“There are tickets Ptix.bm For $ 20 – sessions at 15:30 and 18:00. Both screenings will be followed by a short Q&A session.

Director and producer Milton Raboso says, “FABRIC is a definitive account of the Portuguese community in Bermuda and its 151 years of history, but it also places Bermuda, Acors and Portugal in the world history and the events that have fueled those 151 years.

“It took more than 10 years to implement FABRIC. The film was supported by the Minister of Culture, the Government of the Azores and private donors.

Bermuda Media Method [MMB] Created in 2011 by producer Milton Raposo. MMB has created content for a wide range of clients: Bermuda’s new hospital renovation, reinsurance, travel campaigns, international sports and more. MMB pays special attention to artistic, cultural and historical content.

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CRISTANO RONALDO CAN MAKE UP A GIANT IN CARIOCA AND PORTUGUESE TECHNICIAN SAYS ‘There will be room’

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CRISTANO RONALDO CAN MAKE UP A GIANT IN CARIOCA AND PORTUGUESE TECHNICIAN SAYS 'There will be room'

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Maestro de Braga is the first Portuguese in the National Symphony Orchestra of Cuba.

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Maestro de Braga is the first Portuguese in the National Symphony Orchestra of Cuba.

Maestro Filipe Cunha, Artistic Director of the Philharmonic Orchestra of Braga, has been invited to conduct the Cuban National Symphony Orchestra, as announced today.

According to a statement sent by O MINHO, “he will be the first Portuguese conductor to conduct this orchestra in its entire history.”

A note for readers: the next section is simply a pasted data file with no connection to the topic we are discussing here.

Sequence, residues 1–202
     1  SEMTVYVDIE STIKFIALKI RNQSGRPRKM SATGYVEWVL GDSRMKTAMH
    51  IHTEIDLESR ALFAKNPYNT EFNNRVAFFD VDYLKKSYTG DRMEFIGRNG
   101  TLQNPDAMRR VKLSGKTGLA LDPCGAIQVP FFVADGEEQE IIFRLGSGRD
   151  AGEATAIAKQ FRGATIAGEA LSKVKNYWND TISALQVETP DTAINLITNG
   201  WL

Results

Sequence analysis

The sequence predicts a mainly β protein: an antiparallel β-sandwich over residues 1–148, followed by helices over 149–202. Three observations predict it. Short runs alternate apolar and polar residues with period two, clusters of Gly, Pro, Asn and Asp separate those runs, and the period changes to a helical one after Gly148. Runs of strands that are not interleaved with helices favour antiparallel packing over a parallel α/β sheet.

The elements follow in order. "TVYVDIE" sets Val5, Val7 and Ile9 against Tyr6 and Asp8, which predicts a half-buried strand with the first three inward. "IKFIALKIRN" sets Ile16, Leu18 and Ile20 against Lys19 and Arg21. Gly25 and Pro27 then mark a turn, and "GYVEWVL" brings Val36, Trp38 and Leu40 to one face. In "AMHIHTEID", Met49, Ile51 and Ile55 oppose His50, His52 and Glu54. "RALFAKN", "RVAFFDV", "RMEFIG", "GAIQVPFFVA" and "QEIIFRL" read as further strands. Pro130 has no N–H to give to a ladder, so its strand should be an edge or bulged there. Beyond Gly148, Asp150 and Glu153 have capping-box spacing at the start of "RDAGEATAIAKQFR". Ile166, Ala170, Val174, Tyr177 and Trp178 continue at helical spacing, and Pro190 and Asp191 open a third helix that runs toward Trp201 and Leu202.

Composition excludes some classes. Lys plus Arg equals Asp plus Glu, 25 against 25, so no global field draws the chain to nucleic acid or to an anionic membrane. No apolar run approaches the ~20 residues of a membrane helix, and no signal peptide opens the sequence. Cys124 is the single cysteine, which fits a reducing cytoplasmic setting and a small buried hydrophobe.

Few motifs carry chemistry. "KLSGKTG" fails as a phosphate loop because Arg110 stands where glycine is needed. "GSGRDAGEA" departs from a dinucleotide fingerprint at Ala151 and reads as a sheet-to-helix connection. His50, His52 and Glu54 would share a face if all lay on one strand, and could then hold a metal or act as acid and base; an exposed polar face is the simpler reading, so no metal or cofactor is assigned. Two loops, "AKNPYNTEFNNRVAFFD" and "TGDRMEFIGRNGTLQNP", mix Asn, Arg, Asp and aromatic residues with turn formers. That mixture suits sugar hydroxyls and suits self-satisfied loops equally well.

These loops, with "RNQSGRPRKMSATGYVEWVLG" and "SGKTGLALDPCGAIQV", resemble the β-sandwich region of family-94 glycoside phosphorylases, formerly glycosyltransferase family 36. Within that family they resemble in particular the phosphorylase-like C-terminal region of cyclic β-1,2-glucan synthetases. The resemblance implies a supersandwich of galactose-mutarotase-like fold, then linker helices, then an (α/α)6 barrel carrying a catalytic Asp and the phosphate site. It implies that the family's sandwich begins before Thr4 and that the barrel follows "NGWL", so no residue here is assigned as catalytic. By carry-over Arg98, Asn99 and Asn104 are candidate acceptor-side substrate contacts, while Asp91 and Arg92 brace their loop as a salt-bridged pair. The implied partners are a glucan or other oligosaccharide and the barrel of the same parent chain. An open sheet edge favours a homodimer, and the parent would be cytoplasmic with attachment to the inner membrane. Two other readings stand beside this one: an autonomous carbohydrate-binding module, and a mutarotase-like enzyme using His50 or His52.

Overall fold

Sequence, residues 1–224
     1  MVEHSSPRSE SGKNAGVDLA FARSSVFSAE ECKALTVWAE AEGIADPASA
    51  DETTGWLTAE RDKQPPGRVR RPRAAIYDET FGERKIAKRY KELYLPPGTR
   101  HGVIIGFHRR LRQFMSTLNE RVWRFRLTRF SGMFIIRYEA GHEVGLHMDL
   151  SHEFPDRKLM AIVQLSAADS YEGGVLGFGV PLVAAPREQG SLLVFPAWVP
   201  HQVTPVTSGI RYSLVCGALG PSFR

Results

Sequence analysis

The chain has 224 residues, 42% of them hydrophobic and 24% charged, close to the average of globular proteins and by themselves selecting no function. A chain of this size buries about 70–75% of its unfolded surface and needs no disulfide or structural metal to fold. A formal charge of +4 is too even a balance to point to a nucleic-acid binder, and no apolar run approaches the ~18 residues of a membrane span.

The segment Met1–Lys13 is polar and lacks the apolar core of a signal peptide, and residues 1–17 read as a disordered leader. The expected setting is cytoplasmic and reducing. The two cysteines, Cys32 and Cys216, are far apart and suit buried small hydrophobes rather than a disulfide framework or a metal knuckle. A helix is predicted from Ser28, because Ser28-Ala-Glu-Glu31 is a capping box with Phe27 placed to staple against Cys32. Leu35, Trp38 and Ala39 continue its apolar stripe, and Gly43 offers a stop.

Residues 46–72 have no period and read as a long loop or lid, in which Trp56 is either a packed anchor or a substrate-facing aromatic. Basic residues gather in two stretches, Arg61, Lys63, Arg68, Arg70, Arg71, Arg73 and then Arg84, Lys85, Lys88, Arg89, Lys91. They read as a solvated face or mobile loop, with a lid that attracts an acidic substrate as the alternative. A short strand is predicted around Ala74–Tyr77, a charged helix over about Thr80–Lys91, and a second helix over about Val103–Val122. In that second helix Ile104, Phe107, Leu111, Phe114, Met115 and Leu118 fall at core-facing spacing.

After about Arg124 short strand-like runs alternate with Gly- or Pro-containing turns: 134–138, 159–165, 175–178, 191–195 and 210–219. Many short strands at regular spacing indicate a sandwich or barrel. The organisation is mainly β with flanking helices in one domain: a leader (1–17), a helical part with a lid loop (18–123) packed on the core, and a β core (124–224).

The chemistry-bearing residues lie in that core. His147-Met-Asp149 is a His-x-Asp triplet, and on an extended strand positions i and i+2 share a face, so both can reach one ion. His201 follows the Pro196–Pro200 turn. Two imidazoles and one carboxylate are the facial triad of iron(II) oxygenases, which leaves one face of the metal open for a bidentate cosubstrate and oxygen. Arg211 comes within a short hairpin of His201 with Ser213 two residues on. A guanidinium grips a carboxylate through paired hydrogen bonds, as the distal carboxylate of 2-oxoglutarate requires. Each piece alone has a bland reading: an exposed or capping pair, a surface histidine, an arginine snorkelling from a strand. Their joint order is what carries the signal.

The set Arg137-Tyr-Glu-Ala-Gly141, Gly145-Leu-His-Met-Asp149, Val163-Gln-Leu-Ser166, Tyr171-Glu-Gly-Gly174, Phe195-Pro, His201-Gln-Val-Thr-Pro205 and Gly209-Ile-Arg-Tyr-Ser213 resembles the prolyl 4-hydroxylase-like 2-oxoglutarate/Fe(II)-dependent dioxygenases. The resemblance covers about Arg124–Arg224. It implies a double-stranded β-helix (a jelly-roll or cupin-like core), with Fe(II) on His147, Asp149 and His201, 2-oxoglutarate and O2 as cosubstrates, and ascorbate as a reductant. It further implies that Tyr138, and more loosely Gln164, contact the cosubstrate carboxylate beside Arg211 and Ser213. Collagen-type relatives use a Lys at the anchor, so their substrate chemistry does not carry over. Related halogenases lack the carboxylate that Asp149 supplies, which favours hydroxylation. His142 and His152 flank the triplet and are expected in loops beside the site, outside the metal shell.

In addition to this orchestra, the maestro will also work with the Lyceo Mozarteum de la Habana Symphony Orchestra.

The concerts will take place on 4 and 12 March 2023 at the National Theater of Cuba in Havana.

In the words of the maestro, quoted in the statement, “these will be very beautiful concerts with difficult but very complex pieces” and therefore he feels “very motivated”.

From the very beginning, Rachmaninoff’s Piano Concerto No. 2 will be performed by an Italian pianist (Luigi Borzillo), whom the maestro wants to bring to Portugal later this year. In the same concert, Mendelshon’s First Symphony will be performed.

Then, at the second concert, in the company of the Mexican clarinetist Angel Zedillo, he will perform the Louis Sfora Concerto No. 2. In this concert, the maestro also conducts Tchaikovsky’s Fifth Symphony.

“This is an international recognition of my work. An invitation that I accept with humility and great responsibility. I was surprised to learn that I would be the first Portuguese member of the Cuban National Symphony Orchestra. This is a very great honor,” the maestro said in a statement.

“I take with me the name of the city of Braga and Portugal with all the responsibility that goes with it, and I hope to do a good job there, leaving a good image and putting on great concerts. These will be very special concerts because, in addition to performing pieces that I love, especially Rachmaninov and Tchaikovsky, I will be directing two wonderful soloists who are also my friends. It will be very beautiful,” concludes Filipe Cunha.